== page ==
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Wenatchee's Big Red Apple Daily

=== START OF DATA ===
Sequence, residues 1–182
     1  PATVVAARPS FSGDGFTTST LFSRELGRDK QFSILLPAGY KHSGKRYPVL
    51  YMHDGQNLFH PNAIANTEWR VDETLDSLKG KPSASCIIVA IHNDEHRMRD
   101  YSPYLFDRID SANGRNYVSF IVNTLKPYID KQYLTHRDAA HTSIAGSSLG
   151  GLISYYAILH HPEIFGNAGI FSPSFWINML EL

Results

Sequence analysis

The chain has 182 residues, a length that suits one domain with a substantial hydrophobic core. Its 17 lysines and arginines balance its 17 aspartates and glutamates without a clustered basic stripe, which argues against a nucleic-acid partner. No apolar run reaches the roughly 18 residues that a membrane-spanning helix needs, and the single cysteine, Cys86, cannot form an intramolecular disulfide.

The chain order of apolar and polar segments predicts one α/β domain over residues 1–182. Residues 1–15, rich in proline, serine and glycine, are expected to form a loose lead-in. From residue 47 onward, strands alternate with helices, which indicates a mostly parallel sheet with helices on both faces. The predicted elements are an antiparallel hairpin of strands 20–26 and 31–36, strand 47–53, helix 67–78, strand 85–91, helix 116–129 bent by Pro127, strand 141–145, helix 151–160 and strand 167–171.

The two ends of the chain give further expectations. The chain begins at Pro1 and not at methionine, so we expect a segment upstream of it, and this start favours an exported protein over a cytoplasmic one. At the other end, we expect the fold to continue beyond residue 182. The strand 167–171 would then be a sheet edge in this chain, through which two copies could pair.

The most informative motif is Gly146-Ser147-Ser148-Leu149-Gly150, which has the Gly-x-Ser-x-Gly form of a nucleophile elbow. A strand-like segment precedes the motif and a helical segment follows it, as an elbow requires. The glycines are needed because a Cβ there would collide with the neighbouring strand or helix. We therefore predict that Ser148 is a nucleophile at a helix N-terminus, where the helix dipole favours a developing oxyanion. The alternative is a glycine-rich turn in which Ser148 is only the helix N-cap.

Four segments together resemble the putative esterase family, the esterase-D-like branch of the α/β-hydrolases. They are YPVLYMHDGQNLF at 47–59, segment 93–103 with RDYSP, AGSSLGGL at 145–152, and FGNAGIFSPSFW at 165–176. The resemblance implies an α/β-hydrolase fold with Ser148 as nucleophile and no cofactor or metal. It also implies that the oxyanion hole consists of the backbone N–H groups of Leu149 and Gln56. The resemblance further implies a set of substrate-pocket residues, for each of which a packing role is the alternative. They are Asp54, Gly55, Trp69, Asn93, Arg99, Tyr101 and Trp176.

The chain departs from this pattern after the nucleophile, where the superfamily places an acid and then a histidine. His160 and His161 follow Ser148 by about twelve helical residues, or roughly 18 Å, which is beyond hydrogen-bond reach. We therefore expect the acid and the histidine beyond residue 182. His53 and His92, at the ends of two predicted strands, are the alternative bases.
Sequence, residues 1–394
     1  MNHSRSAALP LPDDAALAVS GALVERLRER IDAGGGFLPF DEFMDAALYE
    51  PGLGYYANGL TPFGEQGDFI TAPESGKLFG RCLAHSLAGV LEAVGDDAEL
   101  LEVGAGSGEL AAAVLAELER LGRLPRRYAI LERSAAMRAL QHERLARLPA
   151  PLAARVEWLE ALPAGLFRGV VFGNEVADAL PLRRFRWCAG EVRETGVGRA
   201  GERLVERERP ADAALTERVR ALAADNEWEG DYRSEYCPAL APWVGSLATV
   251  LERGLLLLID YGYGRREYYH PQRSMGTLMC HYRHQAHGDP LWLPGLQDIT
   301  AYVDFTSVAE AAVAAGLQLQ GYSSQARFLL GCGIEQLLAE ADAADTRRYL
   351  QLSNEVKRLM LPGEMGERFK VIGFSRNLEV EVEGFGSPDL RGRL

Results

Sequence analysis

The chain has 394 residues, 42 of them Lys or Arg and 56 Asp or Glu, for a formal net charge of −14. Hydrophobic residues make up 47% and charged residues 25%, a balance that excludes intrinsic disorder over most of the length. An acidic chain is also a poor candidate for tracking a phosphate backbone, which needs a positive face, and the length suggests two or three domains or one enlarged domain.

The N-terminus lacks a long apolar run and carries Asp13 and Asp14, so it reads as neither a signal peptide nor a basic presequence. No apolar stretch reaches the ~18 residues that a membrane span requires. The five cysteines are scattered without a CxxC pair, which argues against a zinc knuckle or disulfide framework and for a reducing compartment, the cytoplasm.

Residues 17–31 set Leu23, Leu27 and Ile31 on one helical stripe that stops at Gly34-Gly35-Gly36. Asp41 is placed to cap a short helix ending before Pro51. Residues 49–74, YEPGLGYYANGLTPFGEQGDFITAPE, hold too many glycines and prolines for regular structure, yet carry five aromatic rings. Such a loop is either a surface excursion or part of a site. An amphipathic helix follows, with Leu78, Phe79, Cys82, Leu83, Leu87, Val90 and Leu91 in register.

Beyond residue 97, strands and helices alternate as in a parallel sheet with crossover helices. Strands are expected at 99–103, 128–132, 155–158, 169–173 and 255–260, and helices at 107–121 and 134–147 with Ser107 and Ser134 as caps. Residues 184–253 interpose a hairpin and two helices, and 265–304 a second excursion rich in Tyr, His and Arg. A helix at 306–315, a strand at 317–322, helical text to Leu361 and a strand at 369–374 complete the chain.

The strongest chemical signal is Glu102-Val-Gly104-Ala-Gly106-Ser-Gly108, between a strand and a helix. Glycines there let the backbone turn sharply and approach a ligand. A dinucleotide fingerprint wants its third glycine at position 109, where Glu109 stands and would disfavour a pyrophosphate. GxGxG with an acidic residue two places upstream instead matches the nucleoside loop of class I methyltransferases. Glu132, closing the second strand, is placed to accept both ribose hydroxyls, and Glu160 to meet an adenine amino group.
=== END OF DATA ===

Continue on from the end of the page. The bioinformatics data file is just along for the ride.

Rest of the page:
VOL. V. NO. 146. HUMPHREY'S SHIP i» WW BILL INTRODUCED FOR THE PURPOSE OF MAKING IT POS SIBLE FOR AMERICAN VESSELS SO EXIST. Washington, Jan. 4. —Representa- tive Humphrey of Washington intro duced in the house a bill providing lor a ship subsidy by the United States government. The measure is known to have the approval of Taft and the administration and to be one ■pon which the proponents of the skip subsidy concentrate their ef forts. The Humphrey bill provides an increase in pay to American ships •nrrying mails to South America, China. Japan, Philippine Islands and Australia, bringing it up to $4 per snile for an outward voyage for tour miles or more. An increased tonnage tax on transportation of •eeanlc trade is provided and it is proposed to admit foreign bill ships to American register for the foreign trade. The author of the bill in an expla nation said the proposition to in crease the pay for carrying mails is the most important feature of the measure. The postmaster general is authorized to pay second class ships for carrying mails the same rate of $4 per mile that is now paid first class ships. Representative Ham pbrey points out that the opponents of the ship subsidy seem not to be aware that we already have a sub sidy for first class ships under the law. This law he claims "Is responsible tor every American vessel on the At lantic ocean. If repealed it would cause the American flag to disappear from tbe seas within sixty days." Heard of Adrian Lots. The Wenatchee Valley Land com pany is in receipt of letters this week from various parts of the earth re garding the Adrian lots which this company has recently placed on the market. One letter this morning came from Lob Angeles and another one came from Florida and other letters came from different sections of the world. This indicates something of the advertising ability of the Daily World, as these lots have been ad vertised extensively in this paper. Four Dead From Eating Canned Fruit Sawtelle. Cal., Jan. 4. —Four are dead and six are dangerously ill from ptomaine poison in canned pears eat en Sunday at the home of Mrs. D. G. Valdez. The dead are Mrs. A. Fer nandez, baby daughter, Isabelle Fer nandez, Mrs. D. G. Valdez. Frank Garcia, a young lad. RUNNING BYMDDLE OF MONTH mmAT light & power com- PANY EXPECTS BIG PLANT WILL RE IN READINESS BY JANUARY 15. The Entiat Light & Power com pany plant on tho Entia*; is expected to be in readiness for business about The middle of January. The manage ment had expected to have it running by January I, but owing to tbe strikes, which delayed the machinery. and to the floods in the Entiat river, which tore out a portion of the in take, the work has been delayed. En- gineer Weiland this morning stated that the machinery will all be ln stalled in a few days and it is hoped that by the middle of the month the machinery can be tested out and act ive operations commenced. The work at this end of the line has all been ecaipleted and as soon as the machin ery can be started at the power plant, power and lighting can be delivered in this city. Mr. and Mrs. Dunn, formerly of Wenatchee but now living In Seattle, visited with old friends and neighbors on Western avenue during the holi day*. Mr, Dunn Is now foreman of a terse sfcoe factory in Seattle. INTERFERES WITH NAVIGATION BOAT SERVICE SUSPENDS BUSI NESS TODAY FOR A TIME, OW ING TO THE ICE IN THE COL UMBIA RIVER. For several days the ice in the Columbia river has seriously inter fered with navigation. Yesterday the boat did not leave until late and had to be chopped out of the ice. The conditions were even worse this morning and it is expected that to day will end the boat service for a time. For several years past the boats have had to discontinue the service during the winter months, owing to the fact that the ice freezes solid at all of the landings. The Eagle Livery company will put on stage service, carrying the mails and passengers between We natchee and Brewster. The stage will leave here between 6 and 7 o'clock each morning. SALE OF TOGGERY FALLS THROUGH INABILITY TO SECURE LEASE CAUSE OF J. W. JOYCE ABAN DONING PURCHASE — TUPPER WILL ERECT STORE BUILDING. E. M. Tupper, proprietor of the Toggery, received a telegram last night from his agent in Chicago stat ing that J. W. Joyce refuses to com plete his purchase of the Toggery and that the option money had been forfeited. Mr. Tupper was not much surprised at the news. Several daysj ago he learned that Mr. Joyce had been unsuccessful in his efforts to secure a satisfactory lease for the room now being used in the Olympia building. When seen by the World reporter this morning Mr. Tupper told a little of his plans for the future. He stat ed his purpose to erect a modern store building on the site recently vacated by the Owl drug store. Plans are now being perfected for a modern two story structure 120 feet deep. How ever, the Toggery will not be moved to the new location until compelled to abandon its present stand. Cashmere Masons Install Officers. Cashmere, Jan. 4. —Mission lodge, No. 158, F. and A. M., installed the following officers Friday night, John McDougal acting as installing officer- W. B. Paton, W. M.; Fred Pommer, S. W.; J. M. Francisco, J. W.; W. A. Leddell, secretary; Frank G. Pal mer, treasurer. Officers were installed Saturday night by Mission lodge No. 208, I. O. O. F.. as follows: W. B. Phelps. N. G.; J. L. Weythman. V. G.; A. H. Mohler, R. S.; H. A. Smith, F. S.; E. F. Stowell, treasurer; E. E. Stowell, W. R. McManus. D. F. Flisher. trus tees. The scholars of the East Wenatchee school have recently purchased a new organ aud appointed Fay Smith as music leader and organist. EXPOWTILI COMING CITY OF THE GOLDEN GATE LAUNCHES GREAT PROJECT INTERNATIONAL IN SCOPE— DATE NOT ANNOUNCED. The public can begin to save up and plan for a trip to San Francis co now, for an exposition will be held there soon to celebrate the opening of the Panama canal. San Francisco is still remembered for its famous Midwinter fair, back in 1894, that satisfied all who went. No vestige remains in San Francisco now of the great disaster that occurred there a couple of years ago. The city has been rebuilt on a grander scale than ever before and the coming exposi tion will doubtless go down in his tory as one of the greatest that have figured in the world's great fairs since the Centennial. WENATCHEE WASHINGTON. TUESDAY. JANUARY 4, 1910. LEGAL BUSINESS ON INCREASE FORTY-POUR CASES FILED IN I THE SUPERIOR COURT IiAST YEAR, ISS CIVIL CASKS AND «4 PROBATE. AH legal business of Chelan county showed an increase during 1909 over that of 1908. This is due in part to the fact that Chelan county had a judge here all the time and to the further fact that the county is rapid ly increasing in population, necessi tating more legal business. During the year 1909 there were 165 civil cases filed as against 134 for the pre ceding year; 64 probate cases as against 60, and 44 criminal casfs to 30 for the year 1908. The legal ousi ness whs on the increase but the legis lative enactment of last winter, whereby medical examination was necessary before a license could be issued, played havoc with the mar riage license business in this county. There were but 145 licenses filed for last year to 149 the preceding year. County Clerk Campbell has com piled the statement of the legal busi-, ness of Chelan county for the past ten years. This makes interesting reading and shows somewhat the changes in the business of the county as it was from 1900 to that of 1909. The statement is as follows: Cases Filed. Year. Civil. Probate. Criminal 1900 28 16 4 1901 40 9 7 1902 48 27 9 1903 66 31 19 1904 71 38 27 1905 112 28 18 1906 69 51 24 1907 131 48 27 1908 134 60 30 1909 165 64 44 MaiTiage Certificates Recorded. 1900 29 1901 50 1902 71 1903 81 1904 88 1905 90 1906 '. 105 1907 109 1908 149 1909 145 1000 Important Year for Rig Rend. Waterville, Jan. 4.—The year just closed has been the most important in the development of this portion of the Big Bend country since its settlement in 1883. The large crop of wheat harvested, together with a record price, has brought the ranch es to a cash basis. Construction of the Waterville branch from Columbia River to Mansfield has been of un told benefit to the wheat grower. Where it formerly took four or six horses one and two days to get a load of grain to market, now he can get out one and two loads each day and with a less number of horses. This has thrown many horses on the market, lowering the price. Waterville is now on the verge of a building boom. The Douglas Coun ty bank has prepared and adopted plans for erection of a brick block on the corner west from its pres ent location. The Odd Fellows' lodge will put up a brick structure adjoining its present building. This will contain two large stores on the ground floor and lodge rooms above. The Waterville Hardware company is planning a brick building on a cor ner lot. Several other brick busi ness buildings are contemplated. Statistics relative to necessity for a government building here have been requested. A bill introduced in the senate appropriates $50,000 for that purpose. The business of the land office exceeds $300,000 each year and the postoffice $5,000. Would Raise the Maine. Washington, Jan. 4. —President Taft is heartily in favor of the plan to raise battleship Maine from the bottom of Havana harbor. He has informed Representative Lord of Michigan that he desired to see the latter's bill, appropriating money for that purpose, enacted into law. Bought Orondo Residence. J. H. McGohan yesterday purchased the H. E. Motteler residence on Oron do avenue, paying for it $3,200. This was bought as an investment by Mr. McGohan. The house contains seven rooms and has a 75 foot frontage. Aeronaut Killed in France. Bordeaux, Jan. 4.—Leon De La Crauge, the noted French aeronaut, was killed while making a flight here today. Member of the Associated Press $30,000,000 FOR RECLA MATION JKESIDENT TAFT WILL URGE THT IN HIS SPECIAL MESSAGE WHICH WILL BE SENT TO CON GUESS NEXT MONDAY. Washington, Jan. 4.—ln his spe cial message on conservation which President Taft will send to congress Monday a loan of $20,000,000 dollars to complete the existing reclamation projects will be suggested. Western senators who have visited Taft dur ing the last few days have been given to understand that such a loan will be recommended. The loan will' probably be ploated in short term bonds or certificates of indebtedness. Borah ol Idaho is the outhor of the bill for the $30,000,000 bond issue is opposed to the issue of certificates. LOCAliOuiri Tip PROMINENT APPLE GROWERS INTERESTED IN TACOMA PROP ERTY AND BUY HEAVILY IN TACOMA CENTER ADDITION. • Tacoma, Wash., Jan. 4. —W. H. Hall returned last night from We natchee, where he has been inter esting a syndicate of winter apple millionaires in Tacoma tidelands, who have taken a block in the popu lar Tacoma Center addition. Among the buyers la J. H. Ferry man, a prominent coal dealer; B. S. Crooks, purchasing agent for the construction company that is build ing the Great Northern branch up the Okanogan river; A. A. Piper, agent of the Groat Northern; B. Walter Jones, secretary of the Colum bia River Steamboat company; Roy E. Thayer, assistant secretary of the company; J. J. Griggs, manager of the Columbia River Steamboat com pany. The Tacoma Center addition is in the garden addition, but its days of gardening are about over, if the trend of development.continues that way. A valley gardener a few days ago made the remark that he would have to hunt up a new place. On a five-acre tract which he bought eight years ago he had made/ clear of expenses and the keeping of his family, an average of $2,000 a year; but couldn't afford to garden on $4.- --000 an acre land. Tacoma people have been good customers of the irrigated lands of the east of the mountains, and now some of the far-seeing ones over on that side are among the heaviest buyers in Tacoma tidelands, next to the eastern buyers, who come here with a tip from the railroad inter ests. Just to show what they are doing with their apples in Wenatchee Mr. Hall brought over some samples pick ed off from the stand of R. F. Lillis, the leading fruit dealer of the apple metropolis, which sell for two for a quarter. The same apples bring $6 a box. The kind brought over by Mr. Hall are the Delicious, and look It. The Wenatchee syndicate is the third of the eastern Washington dis tricts to buy in the Center addPion. Double Suicide in Akron. Akron, 0.. Jan. 4.—Charles Schmidt, alias Mike Jordan, last night murdered Miss Teresa Barn hart and while the police were search ing for him today he killed himself in front of the Barnhart home. G. B. Parks, recently of the Lamb- Davis Lumber company, and family will leave tonight for their future home at Pullman. Mr. Parks goes there to take charge of tbe Potlatch Lumber company yard. He had con templated going to North Yakima but received a better offer to take charge of the business at Pullman. Mr. and Mrs. Alyn Colwell enter tained Mr. and Mrs. Milton Marr and family at dinner New Year's day, at their home on D street. NEW MANUFACTUR ING KERN LOCAL MEN HAVE PUMP THAT WORKS AT ALL STAGES OF WATER —NO ECONOMY IN CENTRIFUGAL PUMPS. The long looked for Columbia rivet pump has finally come. Ever sinc# agriculture was first begun on th<: Columbia the settlers have talkeC about a pump that could be made t > work at all stages of water whi i fixed in a permanent place. The rl9e and fall of the Columbia has too much range for any ordinary pump to be of much use without moving it a few times during the season. To obviate this difficulty F. J. Clifford, formerly with the International Har vester company, designel a power head that seems to meet every re quirement that can be thought of. Mr. Clifford has interested some of Wenatchee's prominent men who have formed a stock company to make and sell the pump. A. B. Court way, J. F. Webber, O. M. Thomason and J. B. Clifford are president, vice president, secretary and general man ager, respectively. An exhibition pump is already set up and ready for inspection at Woodruff's machine shop. Mr. Clifford decided not to make his demonstration in the river at this time of the year, as interested persons would hardly care to go down there during the winter weather, and the pump can be shown and worked to just as good advantage on Wenat chee avenue. The pump is operated on the straight drive principle, and takes its name, the Strait Drive pump, from that source. All waste of power is eliminated and the Strait Drive is guaranteed to do twice the work of a centrifugal pump with the same pow er. It is a direct drive arrangement, connecting with the power by means of a very simple and effective clutch that represents only ten per cent of the total cost, or one-half as much as double pulleys and belting would amount to. The working head is a self-con tained arrangement that is swung on trunnions made fast to a permanent foundation. It will operate at any angle without loss of power. A pis ton rod connects it with the pump that can be permanently located anywhere in a straight line below. The pump will work under water, while the head is always in the dry and easily accessible. The principle of transmission is neither centrifugal or reciprocal. It is a direct drive and pinion. The pinion always turns one way and the rack is an integral part of the piston. When the rack has gone dowa as far as it will it pre sents its reverse side to the pinion and starts up, while there is no break in the motion. The whole device is simplicity itself and can not get out of order any more than could a hydraulic ram. Later in the season the Strait Drive Pump company will install three pumps embracing the three pumping principles of centrifugal, reciprocal and straight drive action down on the river close to town and will dem onstrate by actual test that the straight drive will lift as much water to a height of 100 feet with four horsepower as a centrifugal will lift with eight horsepower. A five horsepower pump, costing $225, not Including piping, will be sufficient to irrigate a ten-acre tract of land 200 feet above the river. J. O. Adams of Brewster and J. E. Steiner of Pateros will use strait drive pumps this coming season and twenty orders have been taken for deliveries in Moses coulee. The Strait Drive Pump company will soon begin the making of their pumps in Wenatchee on a large scale, adding materially to Wenatchee's present pay roill, which exceeds $20,000 a month now. New Year's Dinner. Mr. and Mrs. W. A. Grant were hosts at a turkey dinner last Sun day. The guests were Mr. and Mrs. Aubrey Grant, Mr. and Mrs. Homer Grant and son, Mr. and Mrs. Lloyd Fanner, Miss Welsh. Miss Sylvia Grant, Bruce Hastings and Mr. Gray. School of Horticulture. Prof, Trumble's school of horticul ture will begin on Monday, the 17th of this month, and continue on Wed nesdays, Fridays and Mondays, until tho course of 18 has been run. Mrs. Carl Ray is visiting with Mr. and Mrs. Willrs Hoyle this week, on Western avenue. Wenatchee's Big Red Apple Daily IRI AT BOAT LANDING WINTER SPORTS CLOSE TO TOWN —FOUR INCHES ICE AT THE BOAT LANDING AND RINK WILL SOON BE READY. Men are working near the boat landing today preparing a rink on the 4-inch ice that has formed there. A. J. Ritz of the Gem theatre has secured all necessary permits and will put up a large tent at once, in stall elecric lights, and let both privi leges for refreshments. Mr. Ritz will also arrange for music and al ready has the promise of a number ot parties that will be on hand as soon as the rink is ready. He is an expert skater and instructor himself, and the chance will be ideal for those who want to learn. Mr. Ritz is not ready yet to make a formal announcement but that will appear in a few days. RECEIVED 1934.50 vi popx COLLECTIONS FOR THE YEAR 1909 AS RECEIVED BY THE CITY CLERK SHOWS COST OF COLLECTIONS TO FE SMALL. "A Taxpayer" had an article in the Daily World of last night which was somewhat misleading, inasmuch as he stated that after the city paid other officers received commissions from this that there was very little leit-t>f the original $2 poll tax. The report of City Clerk Sumner shows that the city share of the poll tox amounted to $934.50 for last year. In securing this collection the city contracted to pay a fee as follows: "For the first $500 the commission shall be $40; for the next $250 the commission shall be $35; for the next $250 the commission shall be $50; or in the event the said amount be over and above the first $750 col lected shall not aggregate $250, the collector shall receive as commission and full satisfaction of all service rendered 2 0 per cent of such amount of the said $750." The poll tax collector's fees for the amount collected amounted to per cent of the tax collections and that was the entire cost. There were no fees to anybody else and the city received $934.50 which was used by the street department in the caring of the city streets. This statement is made for the in foramtlon of the contributor of the article in last night's World regard ing the subject of poll tax. This, like a great many other matters that is handled by tbe city administration is not understood by the public and consequently might be the subject of criticism. Orondo Avenue Rowling Parlor. H. C. Miller tomorrow will open up the Orondo Avenue Billiard Parlor in the building recently occupied by the Palmetto. Mr. Miller has a complete lot of new fixtures and expects to make his place a very popular resort. Washington Weather. Washington—Fair tonight and Wednesday, cold. MAYIEIiTEAM LEAGUE SIX APPLICATIONS NOW IN FOR PLACE IN NORTHWESTERN BALL LEAGUE MADE VACANT BY PORTLAND'S WITHDRAWAL Seattle, Jan. 4. —For a franchise in the Northwestern Baseball league made vacant by the withdrawal of Portland applications have been re ceived from Everett, Bellingbam, North Yakima, Walla Walla, Butte and Helena. There is talk of increas ing the league from six to eight in this event and three new cities may be taken in. The plan is much in favor to give the frantulse to Bel lingham with tbe privilege of play ing srames in Everett. 5c PER COPY Mini Bill II DUCED REPRESENTATIV B MANN FATH ER OF BILL WHICH PROPOSE* TO KEGULATE CARRYING BUS INESS OF RAILROADS. Washington, Jan. 4.—A bill mak ing sweeping changes in the inter state commerce law for the regulation of railroads was introduced today in the house of representatives by Rep resentative Mann of Illinois, chair man of the committee on interstate and foreign commerce. The bill is not in accord with the one proposed by the committee acting under the direction of President Taft and known as- the "administration railroad bill." It was prepared by Mann during the summer vacation of congress. The measure does not provide for a spe cial court to hear the interstate com merce cases. As has been reported this would be the form of legislation on this subject that Taft recom mends. It provides, however, for the crea tion in the department of commerce and labor of a bureau to be known as the bureau of transportation. where the shipper may file a com plaint against the railroad. If the complaint is a just one it will he re ferred to the attorney general and upon his further investigation and recomendation the complaint will be taken up by the interstate commerce commission and prosecution will be carried on at tbe expense of the gov ernment. The shipper, if he prefers, may file the complaint direct with the commission and prosecute the same at his own expense. The bill makes it the duty of the common car rieds to establish just and reasonable classifications and regulations and authorizes the interstate commerce commission to prescribe what they • shall do. The long and short hauls clause of the interstate commerce act would be amended to provide that the charge for the short haul in no case shoul.l be greater than the charge for the long haul and charge for through rate shall be no greater than the aggre gate of the local rates. False or padded claims for damages by ship pers are prohibited as are rebates The powers of the commission art? much enlarged in several directions The bill requires stock to be sold for not less than par and bonds for not less than the reasonable market value and also makes it unlawful for any railroad to acquire by purchase, lease or otherwise ownership in any connecting line and forbids any form of ownership to acquire control of two competing lines of transportation unless permitted by the interstate commerce commission. NEW OFHCERS WILL BE INDUCTED POUR NEW COUNCILMEN TAKE OATH OF OFFICE TONIGHT— MET LAST NIGHT TO AGREE ON APPOINTIVE OFFICERS. The old council will meet this eve ning, the roll will be called and short ly therafter will adjourn sine die. The newly elected councllmen and mayor will then be sworn in and the city governing board will then start off on the business of the year. The council will consist of the three hold overs, Terry Ross, Howard Thomas and J. H. McGohan, and the newly elected members are Ed. S. Russell. George Begg, W. G. Stacy and C. B Halbert. The retiriug members are G. M. Russi, L. V. Wells, J. E. Porter and P. P. Holcomb. it is expected that Mayor Gellatly will tonight announce his committee assignments for the coming year. Last night the newly elected members and the holdovers met witb Mayor Gellatly and discussed tbe matter of appointive officers for the coming year. While nothing has been given out positively yet it is generally con sidered that there will be no change in the personnel of the appointive of ficers as they now stand.